Now this is possibly one of the most difficult parts of bankroll management to actually maintain.  It takes discipline to acknowledge the fact that your bankroll has taken a big enough hit to justify moving down levels.  It takes even more discipline to do this if those losses have arisen due to bad play or bad beats.  Most winning players will either ensure they are playing with sufficient rolls to sustain a large number of buy in losses, or alternatively will set a ‘stop loss’ for themselves, being a certain number of buy ins they are prepared to lose before either moving down or simply stopping play.  The temptation of course is to get even, and chase losses, both of which can rapidly cripple your bankroll.
Moving Up or Taking Shots

We’ve already looked at times when its appropriate to move down levels, but there will also be times when you are crushing the level you are at.  Sometimes natural variance will have us on a ‘heater’ where we run good for a period, but it helps to recognise when good play is the determining factor with your success.  If our bankroll comes to exceed the reasonable requirements for the level we are playing at, it might be time to consider moving up.

Some players like to move up as soon as they meet the normal buy in requirements for the next level (20 for cash, 40 for tournament, 300 BB for limit) but there are others who prefer to have a slightly larger buffer to sustain some losses which may arise from adjusting to the higher level.

Other players are happy to take a shot at a higher level if they are confident in their play, even if they are effectively under-rolled for that level.  Again, as long as realistic bankroll management is applied, taking a shot can be extremely rewarding and result in faster gains. For example, you may move up to 100NL with only 15 buy ins, but set a limit so that if you fall below 12 buy ins you immediately move back down to 50NL (where you’ll still be well rolled).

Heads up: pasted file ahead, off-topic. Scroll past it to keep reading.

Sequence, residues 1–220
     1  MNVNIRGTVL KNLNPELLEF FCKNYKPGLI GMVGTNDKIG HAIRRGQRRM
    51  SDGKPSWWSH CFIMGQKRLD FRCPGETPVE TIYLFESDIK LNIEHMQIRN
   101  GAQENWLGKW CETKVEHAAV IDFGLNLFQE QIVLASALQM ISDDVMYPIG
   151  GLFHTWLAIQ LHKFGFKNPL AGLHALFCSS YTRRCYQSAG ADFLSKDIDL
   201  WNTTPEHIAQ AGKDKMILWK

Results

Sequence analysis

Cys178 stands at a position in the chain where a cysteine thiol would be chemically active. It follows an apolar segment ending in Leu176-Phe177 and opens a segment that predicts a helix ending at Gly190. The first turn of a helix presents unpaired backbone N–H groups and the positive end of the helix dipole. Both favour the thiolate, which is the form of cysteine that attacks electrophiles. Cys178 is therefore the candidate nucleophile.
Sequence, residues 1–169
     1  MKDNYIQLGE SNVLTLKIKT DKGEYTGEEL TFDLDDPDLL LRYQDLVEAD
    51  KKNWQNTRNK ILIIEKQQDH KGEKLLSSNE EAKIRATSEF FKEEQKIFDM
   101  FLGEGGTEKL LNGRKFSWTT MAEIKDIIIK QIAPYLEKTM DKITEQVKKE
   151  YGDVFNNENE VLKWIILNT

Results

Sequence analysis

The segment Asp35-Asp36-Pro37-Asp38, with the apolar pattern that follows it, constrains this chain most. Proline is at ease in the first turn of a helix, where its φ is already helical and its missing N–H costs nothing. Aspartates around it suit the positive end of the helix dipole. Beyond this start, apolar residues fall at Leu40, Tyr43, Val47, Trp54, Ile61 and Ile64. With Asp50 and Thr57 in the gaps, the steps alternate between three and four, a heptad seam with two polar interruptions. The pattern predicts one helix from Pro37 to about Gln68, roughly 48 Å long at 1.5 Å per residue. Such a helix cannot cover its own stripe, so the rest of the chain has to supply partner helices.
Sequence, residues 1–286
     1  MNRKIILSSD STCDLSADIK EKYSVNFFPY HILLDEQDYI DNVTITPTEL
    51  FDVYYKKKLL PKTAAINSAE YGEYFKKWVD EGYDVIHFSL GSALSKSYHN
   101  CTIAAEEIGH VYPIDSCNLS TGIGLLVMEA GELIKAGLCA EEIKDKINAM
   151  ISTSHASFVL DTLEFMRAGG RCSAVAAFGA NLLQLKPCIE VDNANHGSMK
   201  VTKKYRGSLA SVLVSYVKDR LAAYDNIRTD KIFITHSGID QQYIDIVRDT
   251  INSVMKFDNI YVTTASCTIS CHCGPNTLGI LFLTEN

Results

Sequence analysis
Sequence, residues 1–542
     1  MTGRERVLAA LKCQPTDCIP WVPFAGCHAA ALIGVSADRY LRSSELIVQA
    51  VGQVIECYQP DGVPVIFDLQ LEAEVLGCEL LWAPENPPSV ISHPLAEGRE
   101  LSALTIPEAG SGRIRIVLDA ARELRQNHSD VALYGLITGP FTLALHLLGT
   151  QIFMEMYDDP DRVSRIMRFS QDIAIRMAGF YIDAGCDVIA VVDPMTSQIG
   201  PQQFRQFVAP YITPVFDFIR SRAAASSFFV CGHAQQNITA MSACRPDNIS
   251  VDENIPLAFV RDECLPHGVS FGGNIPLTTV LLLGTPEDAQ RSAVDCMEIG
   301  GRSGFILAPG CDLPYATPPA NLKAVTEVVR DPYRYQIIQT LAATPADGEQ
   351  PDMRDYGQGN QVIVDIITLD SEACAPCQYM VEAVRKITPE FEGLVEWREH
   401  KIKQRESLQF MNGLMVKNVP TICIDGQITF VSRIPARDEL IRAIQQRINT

Ensuring you have the best Rakeback can be a huge factor in sustaining a winrate that enables you to build a bankroll, particularly at micro limits.  What’s rakeback?  Its a portion of the rake paid by the player which is then returned to the player, usually through a third party affiliate.  Sign up for some of the best rakeback deals and ensure you recieve rakeback and minimise the quantum of your winnings which are taken by the online poker site. If you were wondering how to build a bankroll that’s sustainable, this is an integral part of the solution.

In Summary

The above provide a general guideline for bankroll management which if followed, should provide you with the foundation to build a bankroll, but most importantly will help avoid the emotional and financial detriments associated with going bust.  Most of us have been there, we all hope to avoid it.  Best of luck on the felt.